The idea that fatherhood redeems men, turning them into proper grown-ups (and thus acceptable members of society) is an enduring pop cultural preoccupation.
In Three Men and A Baby, the lead characters are living in New York, having fun while still (more or less) covering their bills — but it takes raising a baby and giving up parties to validate their existence. Jack, baby Mary’s biological father, is the most irresponsible at the start of the film, and the one who is most changed by the experience. In case we missed this subtle lesson, Jack’s mom makes it explicit, informing him: “You used to be a screw-up. Now you’re a father.”
Conveniently for writers, a man doesn’t need to have spilled some sperm to have his formerly worthless life transformed like this. For Charlie Salinger in Party of Five, it just took his parents dying in a car crash. Suddenly, this 24-year old slacker who made his living from odd jobs and had a different girlfriend each week was in charge of his four siblings, who ranged in age from one to sixteen. In Full House on the other hand, Danny Tanner’s BFF and brother-in-law moved in to help bring up his three daughters after his wife died, because as single guys, it’s not like they had anything better to do.
I’ve experienced the stigma that comes with not being married or having children, especially as I refuse to buy into any “pathetic spinster” narratives. It’s a cliché because it’s true: When doing what you want means having kids, that’s apparently OK, but when it means not having them, you risk being labeled “selfish”. While in real life, this type of criticism seems to be most commonly aimed at women, in pop culture men get the chance to be judged for having failed to procreate, too; being painted as jackasses until they’ve laid eyes on their own bundle(s) of joy. Perhaps this is a sign that men now face some of the social pressure that used to be reserved for women; if so, it’s hard to see it as a positive change.
These shows and movies often act like they’re showing us something fresh and edgy but their ideology is actually hugely conventional: everyone should settle down and have kids because family is the key to fulfillment (or if it isn’t, shut up and act like it is). They also present an idealized version of parenthood as something inherently fulfilling and transformative. In reality, it’s probably more likely to feel stressful and barely managable, especially if you didn’t sign up for it in the first place.
Still, the idea of fatherhood as a redeeming quality persists. In the short-lived CW show Life Unexpected, teenager Lux grew up in foster homes and is tracking down her bio-parents as part of the legal emancipation process. She finds them in Portland: uptight radio host Cate, and laid back, kinda-douchey Baze, a former high school quarterback who manages a bar his dad owns, struggles to pay rent, and takes his laundry home to mom. But not to worry: a kid doesn’t have to be a baby to be a magical life-fixer, and he rapidly becomes a devoted, surprisingly traditional dad, keen to get an office job and become a custodial parent. Early on, he blames his inability to make progress in his life on his emotionally distant father, who responds with a similar message to Jack’s mom, albeit in a more mocking tone: “That’s the story you tell yourself, to keep from thinking that you’re a screw-up?”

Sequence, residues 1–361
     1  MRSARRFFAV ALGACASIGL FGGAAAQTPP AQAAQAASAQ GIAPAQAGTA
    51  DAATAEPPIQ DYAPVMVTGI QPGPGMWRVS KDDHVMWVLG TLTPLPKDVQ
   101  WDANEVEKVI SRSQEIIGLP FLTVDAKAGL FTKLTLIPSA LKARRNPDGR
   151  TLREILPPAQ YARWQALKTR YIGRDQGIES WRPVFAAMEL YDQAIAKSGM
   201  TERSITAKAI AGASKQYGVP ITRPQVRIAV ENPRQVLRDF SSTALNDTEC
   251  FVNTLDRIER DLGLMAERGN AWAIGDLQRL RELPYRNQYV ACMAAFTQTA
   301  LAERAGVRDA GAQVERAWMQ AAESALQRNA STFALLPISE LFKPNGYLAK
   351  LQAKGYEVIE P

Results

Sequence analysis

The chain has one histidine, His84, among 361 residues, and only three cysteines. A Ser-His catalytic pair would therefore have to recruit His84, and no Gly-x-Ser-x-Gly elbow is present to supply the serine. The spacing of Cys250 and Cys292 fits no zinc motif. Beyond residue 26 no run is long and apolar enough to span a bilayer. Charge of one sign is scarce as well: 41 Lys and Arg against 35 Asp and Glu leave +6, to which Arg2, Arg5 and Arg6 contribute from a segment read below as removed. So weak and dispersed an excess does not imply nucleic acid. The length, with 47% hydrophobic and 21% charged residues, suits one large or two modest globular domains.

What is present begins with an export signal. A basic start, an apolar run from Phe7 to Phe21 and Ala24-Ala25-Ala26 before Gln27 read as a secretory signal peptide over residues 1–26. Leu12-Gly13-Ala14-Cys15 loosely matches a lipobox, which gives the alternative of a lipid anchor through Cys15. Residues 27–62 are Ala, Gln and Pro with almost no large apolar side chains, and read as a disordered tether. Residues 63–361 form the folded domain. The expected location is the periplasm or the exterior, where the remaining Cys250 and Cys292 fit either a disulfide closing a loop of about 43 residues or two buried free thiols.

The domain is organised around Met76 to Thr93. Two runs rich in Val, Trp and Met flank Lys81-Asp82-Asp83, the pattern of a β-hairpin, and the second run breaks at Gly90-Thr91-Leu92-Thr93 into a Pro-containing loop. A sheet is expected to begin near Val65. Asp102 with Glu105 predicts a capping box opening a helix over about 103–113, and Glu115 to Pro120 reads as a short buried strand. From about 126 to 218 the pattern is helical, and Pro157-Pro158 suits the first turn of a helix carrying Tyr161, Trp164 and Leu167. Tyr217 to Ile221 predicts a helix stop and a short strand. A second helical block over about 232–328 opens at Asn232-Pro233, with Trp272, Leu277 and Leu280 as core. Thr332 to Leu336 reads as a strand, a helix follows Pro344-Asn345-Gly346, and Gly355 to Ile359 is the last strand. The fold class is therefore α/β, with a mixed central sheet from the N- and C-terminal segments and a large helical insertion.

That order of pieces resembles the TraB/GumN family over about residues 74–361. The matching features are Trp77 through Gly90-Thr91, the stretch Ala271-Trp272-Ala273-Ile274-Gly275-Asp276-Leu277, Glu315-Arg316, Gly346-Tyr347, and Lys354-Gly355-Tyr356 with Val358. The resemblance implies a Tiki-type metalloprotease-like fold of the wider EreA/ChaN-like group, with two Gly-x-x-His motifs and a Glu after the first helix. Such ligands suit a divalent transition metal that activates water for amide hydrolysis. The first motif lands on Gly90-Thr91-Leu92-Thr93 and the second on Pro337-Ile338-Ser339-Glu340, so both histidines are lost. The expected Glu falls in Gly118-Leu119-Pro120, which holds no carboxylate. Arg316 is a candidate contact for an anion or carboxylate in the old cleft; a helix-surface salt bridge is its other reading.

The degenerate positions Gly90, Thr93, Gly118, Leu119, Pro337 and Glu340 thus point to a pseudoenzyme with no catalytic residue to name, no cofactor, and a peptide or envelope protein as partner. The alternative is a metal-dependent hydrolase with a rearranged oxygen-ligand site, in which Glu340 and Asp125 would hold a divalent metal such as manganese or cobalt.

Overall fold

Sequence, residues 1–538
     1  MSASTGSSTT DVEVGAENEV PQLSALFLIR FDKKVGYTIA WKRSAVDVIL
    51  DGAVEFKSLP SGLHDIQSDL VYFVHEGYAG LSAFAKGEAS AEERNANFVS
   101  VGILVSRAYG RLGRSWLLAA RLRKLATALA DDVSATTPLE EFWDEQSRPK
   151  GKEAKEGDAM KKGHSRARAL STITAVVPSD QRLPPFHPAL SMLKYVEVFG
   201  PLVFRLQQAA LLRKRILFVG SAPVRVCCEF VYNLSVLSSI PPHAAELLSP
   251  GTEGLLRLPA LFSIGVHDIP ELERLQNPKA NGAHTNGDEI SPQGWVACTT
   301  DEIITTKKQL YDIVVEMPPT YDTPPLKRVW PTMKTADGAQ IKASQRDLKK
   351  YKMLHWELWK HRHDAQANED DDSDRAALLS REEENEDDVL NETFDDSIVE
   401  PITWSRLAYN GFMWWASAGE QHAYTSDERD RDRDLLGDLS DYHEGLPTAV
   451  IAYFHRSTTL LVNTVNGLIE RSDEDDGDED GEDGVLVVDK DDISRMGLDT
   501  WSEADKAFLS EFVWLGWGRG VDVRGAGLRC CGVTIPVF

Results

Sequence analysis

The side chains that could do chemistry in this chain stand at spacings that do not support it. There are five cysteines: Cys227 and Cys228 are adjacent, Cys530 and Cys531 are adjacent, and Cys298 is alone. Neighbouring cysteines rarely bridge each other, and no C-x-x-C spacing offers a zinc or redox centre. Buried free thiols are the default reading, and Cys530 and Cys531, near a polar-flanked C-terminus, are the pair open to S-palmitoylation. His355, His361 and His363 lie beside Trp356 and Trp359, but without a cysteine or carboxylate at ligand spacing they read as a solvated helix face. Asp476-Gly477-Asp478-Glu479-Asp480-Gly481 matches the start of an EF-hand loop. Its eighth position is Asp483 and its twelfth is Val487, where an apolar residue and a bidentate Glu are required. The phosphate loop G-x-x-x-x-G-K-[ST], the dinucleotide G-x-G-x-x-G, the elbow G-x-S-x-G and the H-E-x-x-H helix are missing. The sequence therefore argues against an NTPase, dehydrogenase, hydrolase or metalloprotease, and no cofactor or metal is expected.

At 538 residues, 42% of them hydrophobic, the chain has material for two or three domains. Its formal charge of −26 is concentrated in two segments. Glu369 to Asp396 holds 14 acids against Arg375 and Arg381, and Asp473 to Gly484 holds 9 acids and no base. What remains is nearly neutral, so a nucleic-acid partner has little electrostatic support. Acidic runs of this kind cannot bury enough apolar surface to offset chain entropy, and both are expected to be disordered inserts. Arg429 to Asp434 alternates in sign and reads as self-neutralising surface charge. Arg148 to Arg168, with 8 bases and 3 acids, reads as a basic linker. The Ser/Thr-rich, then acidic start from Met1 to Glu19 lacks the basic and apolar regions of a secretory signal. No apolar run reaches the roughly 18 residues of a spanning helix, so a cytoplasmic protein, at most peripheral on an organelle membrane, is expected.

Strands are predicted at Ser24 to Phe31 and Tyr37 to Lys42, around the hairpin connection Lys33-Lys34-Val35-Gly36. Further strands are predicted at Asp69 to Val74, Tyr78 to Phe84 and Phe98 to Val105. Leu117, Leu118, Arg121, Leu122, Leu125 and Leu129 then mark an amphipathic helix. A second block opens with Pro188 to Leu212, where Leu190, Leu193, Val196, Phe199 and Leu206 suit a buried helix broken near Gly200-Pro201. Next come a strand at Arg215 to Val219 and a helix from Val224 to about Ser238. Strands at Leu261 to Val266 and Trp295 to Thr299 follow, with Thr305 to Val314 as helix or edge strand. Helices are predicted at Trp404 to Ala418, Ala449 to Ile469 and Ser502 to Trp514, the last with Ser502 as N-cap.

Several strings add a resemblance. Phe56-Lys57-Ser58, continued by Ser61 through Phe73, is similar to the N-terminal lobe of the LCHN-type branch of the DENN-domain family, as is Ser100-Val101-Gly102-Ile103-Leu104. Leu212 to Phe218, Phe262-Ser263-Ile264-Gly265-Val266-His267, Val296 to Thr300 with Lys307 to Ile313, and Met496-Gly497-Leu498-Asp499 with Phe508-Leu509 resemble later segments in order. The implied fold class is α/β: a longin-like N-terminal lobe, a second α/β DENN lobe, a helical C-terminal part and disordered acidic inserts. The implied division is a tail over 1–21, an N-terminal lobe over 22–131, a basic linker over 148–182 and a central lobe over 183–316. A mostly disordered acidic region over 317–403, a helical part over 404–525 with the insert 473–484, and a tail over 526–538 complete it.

No-one in Parenthood’s more forgiving Berkeley-based clan, the Bravermans, would put things in such harsh terms, but when the series starts, 32-year old Crosby’s siblings nag him about the fact that he lives on a houseboat, lacks a stable income and also takes his laundry home. He’s soon forced to grow up when he’s introduced to Jabbar, the five-year old son he never knew he had (and a serious contender for the cutest kid on TV). Because Parenthood is a more intelligent and nuanced show, Crosby struggles with this change to some extent and even reverts to his terrible decision-making ways at the end of season two. But soon after, he tries to draw a line under all that, selling his boat and buying a house to prove that he’s a “real man” at last.
When I wrote about My Two Dads, a commenter on Bitch’s Facebook page (who I won’t name check just in case they wouldn’t want me to) astutely remarked: “Yet another example of a prime time show that writes women only to further the men’s narratives.” That’s true of many of the examples here, too (although not Three Men and a Baby, whose writers neglected to create any substantial female characters in the first place.) Storylines where men are redeemed by single parenthood (often of a girl child) are just another way to tell a male-dominated hero’s journey in which our protagonist is ultimately revered. Most of all, these stories betray a profound lack of imagination: I’d like to see some other sources of transformation for both male and female characters.
And speaking of the ladies, the way single moms are portrayed in TV and films (as well as in real life) makes quite the contrast to how men in a similar situation are presented. But more about that in my next post…